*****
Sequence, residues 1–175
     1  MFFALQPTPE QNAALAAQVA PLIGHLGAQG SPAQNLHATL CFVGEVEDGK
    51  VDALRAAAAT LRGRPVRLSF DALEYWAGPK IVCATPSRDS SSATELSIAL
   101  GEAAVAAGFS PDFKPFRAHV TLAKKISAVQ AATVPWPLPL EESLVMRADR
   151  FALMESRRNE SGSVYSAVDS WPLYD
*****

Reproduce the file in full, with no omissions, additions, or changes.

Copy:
Sequence, residues 1–175
     1  MFFALQPTPE QNAALAAQVA PLIGHLGAQG SPAQNLHATL CFVGEVEDGK
    51  VDALRAAAAT LRGRPVRLSF DALEYWAGPK IVCATPSRDS SSATELSIAL
   101  GEAAVAAGFS PDFKPFRAHV TLAKKISAVQ AATVPWPLPL EESLVMRADR
   151  FALMESRRNE SGSVYSAVDS WPLYD